By the time James Baldwin was 16, he was already creating the world in which he wanted to live, one where the words others used to describe him — Black, gay, poor — had little impact.
“All of the American categories of male and female, straight or not, Black or white, were shattered…very early in my life,” he wrote in the 1985 article “Here Be Dragons or Freaks and the American Ideal of Manhood.” “Not without anguish, certainly; but once you have discerned the meaning of a label, it may seem to define you for others, but it does not have the power to define you to yourself.”
This world — which the late writer-activist called “the new Jerusalem” — was a place where people like him had nothing to prove, one where a person’s identities were not thought of in light of the oppression they faced, and human dignity was the prevailing moral principle. Though he knew he wouldn’t live to see it actualized, the act of having such a vision and working toward it is a cornerstone of the Black imagination. The unique ability for Black people to envision and create new existences free from oppression is what made Baldwin the revolutionary prophet he’s described as today.
But as we reflect on Baldwin’s ever-relevant life and work amid the 50th anniversary of the Stonewall riots, his words should inspire the next stage of the LGBTQ+ Rights Movement: If the Black imagination was the key to his revolutionary existence, it too should be the foundation of the queer imagination.
Baldwin was born in Harlem in 1924 during its intellectual, social, and artistic Renaissance — a time period that gave way to Black art of all stripes and coincided with the Great Depression. It was during this time that he would meet painter Beauford Delaney, who he said was his “first living proof that a Black man could be an artist.” Writing became Baldwin’s art, and his first published work appeared in The Nation in 1947. By the time his first collection of essays, Notes of a Native Son, debuted in the mid-1950s, he was already known for his literary and cultural commentary. With his second novel, Giovanni’s Room, he courted controversy because of its explicit depictions of homosexuality, prompting him to first publish it abroad. And although the Civil Rights Act was passed less than a decade later, white supremacy in the form of state-sanctioned violence, spatial segregation, and the war on drugs was still king — and the promise of freedom from oppression, Baldwin understood, was not yet complete.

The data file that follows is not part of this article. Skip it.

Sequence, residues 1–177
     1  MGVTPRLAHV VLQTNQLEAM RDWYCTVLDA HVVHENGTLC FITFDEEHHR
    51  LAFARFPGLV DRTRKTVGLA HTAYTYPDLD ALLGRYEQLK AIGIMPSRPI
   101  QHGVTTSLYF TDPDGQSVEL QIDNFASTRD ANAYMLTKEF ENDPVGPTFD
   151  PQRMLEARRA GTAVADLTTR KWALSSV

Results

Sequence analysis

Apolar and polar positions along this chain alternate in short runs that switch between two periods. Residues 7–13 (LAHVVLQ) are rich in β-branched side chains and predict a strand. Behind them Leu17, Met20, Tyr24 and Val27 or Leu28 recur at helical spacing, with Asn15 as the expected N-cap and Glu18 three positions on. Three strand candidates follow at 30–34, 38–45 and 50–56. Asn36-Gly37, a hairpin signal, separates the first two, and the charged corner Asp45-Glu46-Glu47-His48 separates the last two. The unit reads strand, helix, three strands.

This made his socio-political interventions, especially at the intersection of queerness and Blackness, all the more audacious as he linked the struggles of communities once thought to be in opposition. Because he was wary of focusing on identity categories themselves rather than on the systems that produced them, he also refused the monikers foisted upon him. Among his more resounding lines was, “As long as you think you’re white, I’m going to be forced to think I’m Black.” Baldwin also expressed “impatience” with the word “gay,” suggesting the term answered a false argument that queer people had to prove their humanity.
“He was saying, ‘I’m not reacting to your positioning, because I’m not on the periphery. I’m not marginal. I’m at the center of my own life and the world reacts to that centeredness,’” says writer, producer, and activist Jose Antonio Vargas. “That’s why I see him as the past that really must connect us to the future. Our country, in many ways, is more complex than Black, white, gay, straight.”
Take, for example, the slew of social justice-related issues advocates are invested in today — trans rights; the continued fight to end the HIV/AIDS epidemic in Black communities; reducing mass incarceration and abolishing prisons; immigration; and housing insecurity, to name a few. They all suggest that enduring movements for liberation must be against the crucible that produces injustice in the first place. Baldwin knew that a coalition built on a “firm foundation” beyond identity alone and “based on the grounds of human dignity” was necessary for freedom. Perhaps that’s why when he spoke of being gay in America, he always linked it to being Black. Even though “intersectionality” had not yet been coined by Kimberlé Crenshaw, it was clear to him that a world beyond oppression was unattainable if the work was siloed.